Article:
The FDA has approved Abraxane (paclitaxel protein-bound particles for injectable suspension) (albumin-bound) for a new indication, first-line treatment of locally advanced or metastatic non-small cell lung cancer (NSCLC), the manufacturer, Celgene Corp., announced today. The medication is to be used in combination with carboplatin in patients who are not candidates for curative surgery or radiation therapy.
 
This is the second approved indication for Abraxane; the drug was first approved in 2005 for the treatment of breast cancer after failure of combination chemotherapy for metastatic disease or relapse within six months of adjuvant chemotherapy.
 
According to a Celgene press release, in a Phase III, multicenter, randomized open-label study in patients with advanced NSCLC, one group received Abraxane (100 mg/m2) weekly plus carboplatin (area under the curve [AUC] =6) every three weeks (n=521); the other group received paclitaxel (200 mg/m2) every three weeks plus carboplatin (AUC =6) (n=531). The study met its primary end point, with patients in the Abraxane group showing a higher overall response rate than those in the paclitaxel group (33% vs 25%).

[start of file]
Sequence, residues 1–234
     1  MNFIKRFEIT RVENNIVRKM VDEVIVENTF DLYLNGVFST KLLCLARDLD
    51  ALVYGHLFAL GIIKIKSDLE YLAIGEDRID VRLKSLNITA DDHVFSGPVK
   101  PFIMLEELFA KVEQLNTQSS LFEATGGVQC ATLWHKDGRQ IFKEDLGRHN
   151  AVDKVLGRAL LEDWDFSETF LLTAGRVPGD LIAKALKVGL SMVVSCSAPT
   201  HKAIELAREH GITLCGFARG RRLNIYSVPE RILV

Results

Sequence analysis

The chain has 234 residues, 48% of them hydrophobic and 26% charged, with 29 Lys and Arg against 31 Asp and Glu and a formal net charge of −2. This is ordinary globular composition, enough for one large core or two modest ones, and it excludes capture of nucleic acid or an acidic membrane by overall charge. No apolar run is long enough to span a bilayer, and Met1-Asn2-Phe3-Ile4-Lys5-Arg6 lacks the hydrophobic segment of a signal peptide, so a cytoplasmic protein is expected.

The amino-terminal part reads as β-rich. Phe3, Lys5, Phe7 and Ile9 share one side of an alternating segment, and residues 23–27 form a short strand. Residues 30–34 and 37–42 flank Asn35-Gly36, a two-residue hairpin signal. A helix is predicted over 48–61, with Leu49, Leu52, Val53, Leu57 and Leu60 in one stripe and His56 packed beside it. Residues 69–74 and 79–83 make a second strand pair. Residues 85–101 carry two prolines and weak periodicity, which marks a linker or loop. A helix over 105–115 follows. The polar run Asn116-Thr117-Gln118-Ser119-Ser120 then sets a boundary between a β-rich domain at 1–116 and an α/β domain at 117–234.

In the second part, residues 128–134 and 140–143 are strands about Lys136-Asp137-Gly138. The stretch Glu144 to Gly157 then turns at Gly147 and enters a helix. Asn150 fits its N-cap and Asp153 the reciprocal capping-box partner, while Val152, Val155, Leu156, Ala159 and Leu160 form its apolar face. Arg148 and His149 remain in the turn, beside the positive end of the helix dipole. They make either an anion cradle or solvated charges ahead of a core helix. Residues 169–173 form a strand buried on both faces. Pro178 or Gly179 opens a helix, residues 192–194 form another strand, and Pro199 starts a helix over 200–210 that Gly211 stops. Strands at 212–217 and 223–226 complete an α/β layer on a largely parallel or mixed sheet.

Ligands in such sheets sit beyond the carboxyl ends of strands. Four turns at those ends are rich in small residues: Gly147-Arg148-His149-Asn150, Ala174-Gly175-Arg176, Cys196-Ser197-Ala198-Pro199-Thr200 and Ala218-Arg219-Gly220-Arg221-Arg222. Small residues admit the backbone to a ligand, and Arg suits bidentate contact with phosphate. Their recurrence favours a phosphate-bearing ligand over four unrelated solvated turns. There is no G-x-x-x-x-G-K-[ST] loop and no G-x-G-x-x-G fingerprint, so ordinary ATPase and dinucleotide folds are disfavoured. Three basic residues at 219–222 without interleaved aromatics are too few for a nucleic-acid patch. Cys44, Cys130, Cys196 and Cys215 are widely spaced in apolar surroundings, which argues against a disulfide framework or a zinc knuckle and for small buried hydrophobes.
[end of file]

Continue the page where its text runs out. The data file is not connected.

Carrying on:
Abraxane demonstrated a higher overall response rate compared with paclitaxel for squamous cell carcinoma (41% vs, 24%) and large cell carcinoma (33% vs, 15%). For carcinoma/adenocarcinoma, the overall response rate in Abraxane and paclitaxel was similar (26% vs, 27%).
 
The most common adverse reactions (=20%) of Abraxane in combination with carboplatin for NSCLC are anemia, neutropenia, thrombocytopenia, alopecia, peripheral neuropathy, nausea and fatigue. Abraxane carries a boxed warning regarding neutropenia.
 
Non-small cell is the most common type of lung cancer, the leading cause of cancer death in the United States,” Mark A. Socinski, MD, director, Lung Cancer Section, Division of Hematology/Oncology, University of Pittsburgh, and lead investigator of Abraxane lung cancer Phase II and III trials, said in a statement. “The FDA approval of Abraxane is exciting for healthcare professionals because it offers an important new treatment option for all types of non-small cell lung cancer patients, in an area that has seen few treatment advancements in recent years.